Humphrey? Of him, Thompson wrote: "There is no way to grasp what a shallow, contemptible and hopelessly dishonest old hack Hubert Humphrey is until you've followed him around for a while."
The approach won him praise among the masses as well as critical acclaim. Writing in The New York Times in 1973, Christopher Lehmann-Haupt worried Thompson might someday "lapse into good taste."
"That would be a shame, for while he doesn't see America as Grandma Moses depicted it, or the way they painted it for us in civics class, he does in his own mad way betray a profound democratic concern for the polity," he wrote. "And in its own mad way, it's damned refreshing."
Gonzo godfather Hunter S Thompson kills himself
LOS ANGELES, FEBRUARY 21: Hunter Stockton Thompson, a renegade journalist whose “gonzo” style threw out any pretense at objectivity and established the hard-living writer as a counter-culture icon, fatally shot himself at his Colorado home on Sunday night, police said. He was 67.
Thompson’s son, Juan, released a statement saying he had found his father dead from a self-inflicted gunshot wound to the head at the writer’s Owl Creek farm near Aspen.
Thompson, famed for such adrenaline-packed narratives as Fear and Loathing in Las Vegas, turned his drug and alcohol-fuelled clashes with authority into a central theme of his work, challenging the quieter norms of established journalism in the process.
He also cultivated an aura of recklessness, starting with the blurb on his book Hell’s Angels, in which he called himself “an avid reader, a relentless drinker and a fine hand with a .44 Magnum.” A longtime gun enthusiast, Thompson had a shooting range on his property.
By his heyday in the 1970s, Thompson had distilled his style of invective-laced, outlaw journalism into a slogan: “When the going gets weird, the weird turn pro.”
Fear and Loathing in Las Vegas, adapted from a two-part article written for Rolling Stone magazine in late 1971, chronicled Thompson’s drug-fuelled misadventures in Las Vegas while ostensibly covering a motorcycle race in the desert. The book established Hunter as a cult celebrity and became the basis for a 1998 Hollywood adaptation, starring Johnny Depp as Thompson’s alter-ego, Raoul Duke.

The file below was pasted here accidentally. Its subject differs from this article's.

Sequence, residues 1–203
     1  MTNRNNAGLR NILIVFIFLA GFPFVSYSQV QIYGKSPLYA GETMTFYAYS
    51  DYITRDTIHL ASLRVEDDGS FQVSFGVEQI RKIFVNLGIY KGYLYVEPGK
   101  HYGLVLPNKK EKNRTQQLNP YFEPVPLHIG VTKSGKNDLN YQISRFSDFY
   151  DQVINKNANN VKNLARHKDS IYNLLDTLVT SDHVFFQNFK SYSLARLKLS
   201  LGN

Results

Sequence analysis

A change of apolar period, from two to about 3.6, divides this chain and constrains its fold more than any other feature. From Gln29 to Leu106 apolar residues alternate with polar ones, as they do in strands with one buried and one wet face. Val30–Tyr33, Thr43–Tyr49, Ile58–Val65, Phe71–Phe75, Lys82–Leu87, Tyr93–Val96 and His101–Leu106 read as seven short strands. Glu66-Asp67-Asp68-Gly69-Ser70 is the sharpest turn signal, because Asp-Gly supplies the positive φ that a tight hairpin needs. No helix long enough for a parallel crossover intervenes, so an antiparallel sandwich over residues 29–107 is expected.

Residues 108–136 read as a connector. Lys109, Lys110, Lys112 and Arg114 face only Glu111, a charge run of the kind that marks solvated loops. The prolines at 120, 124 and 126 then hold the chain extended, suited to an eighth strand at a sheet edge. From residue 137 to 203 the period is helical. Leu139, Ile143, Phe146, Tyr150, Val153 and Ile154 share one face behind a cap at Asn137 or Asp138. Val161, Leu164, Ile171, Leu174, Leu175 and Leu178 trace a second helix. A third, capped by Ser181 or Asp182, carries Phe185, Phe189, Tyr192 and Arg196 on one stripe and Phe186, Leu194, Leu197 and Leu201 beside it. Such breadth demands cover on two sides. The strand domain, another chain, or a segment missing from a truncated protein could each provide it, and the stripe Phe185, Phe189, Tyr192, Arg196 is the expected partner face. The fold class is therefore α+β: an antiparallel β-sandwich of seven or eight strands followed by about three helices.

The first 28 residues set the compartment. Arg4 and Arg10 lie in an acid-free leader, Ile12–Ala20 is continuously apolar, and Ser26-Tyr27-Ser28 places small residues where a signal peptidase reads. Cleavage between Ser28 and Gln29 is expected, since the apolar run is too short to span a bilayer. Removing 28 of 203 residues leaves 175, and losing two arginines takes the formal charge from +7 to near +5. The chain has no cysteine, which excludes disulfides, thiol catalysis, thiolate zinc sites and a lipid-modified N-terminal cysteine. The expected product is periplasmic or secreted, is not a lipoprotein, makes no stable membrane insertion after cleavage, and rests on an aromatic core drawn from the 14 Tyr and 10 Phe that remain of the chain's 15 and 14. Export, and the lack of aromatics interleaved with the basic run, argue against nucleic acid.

Thompson’s refracted coverage of the Super Bowl and the 1972 presidential race also inspired the 1980 movie Where the Buffalo Roam, with Bill Murray as the self-proclaimed doctor of gonzo journalism. He was also caricatured as Uncle Duke in the comic strip Doonesbury, right down to his signature aviator glasses and cigarette holder.
Although Thompson’s later work got mixed reviews, critics credited him with pioneering a style of invective-laced and hyperbolic political commentary that was uniquely American.
A 1994 essay in Rolling Stone written as an obituary for former President Richard Nixon was typical. At a time when many commentators offered a more generous re-assessment of Nixon’s legacy, Thompson called him “a liar, a quitter and a bastard. A cheap crook and a merciless war criminal.”
“I think Thompson has remained a writer of significance,because, essentially a satirist, he has displayed an utter contempt for power — political power, financial power, even showbiz juice,” novelist Paul Theroux wrote in 2003.
Raised in a middle-class family in Louisville, Thompson had been jailed for his part in a robbery. He was 18 then.
He enlisted in th eAir Force when he studied journalism at New Yorks Columbia University, and began his career as editor of the Eglin Air Force Base newsletter, simultaneously moonlighting as a sportswriter for a local civilian paper. In 1959, Thompson went on to become a Caribbean correspondent for Time magazine and the New York Herald Tribune. After relocating to South America, he wrote for the National Observer, and then returned to the US and became the West Coast correspondent for The Nation.
It was his association with Rolling Stone that turned both into literary icons. Rolling Stone magazine publisher Jann Wenner learned of Thompson from his columns for Scanlan’s Monthly and Ramparts, and hired him as national affairs editor. This propelled Thompson and his cynical, heady reporting style to international fame. People who really did read Playboy for the articles began picking up Rolling Stone for Thompson’s caroming take on politics, particularly his incendiary coverage of the 1972 presidential campaign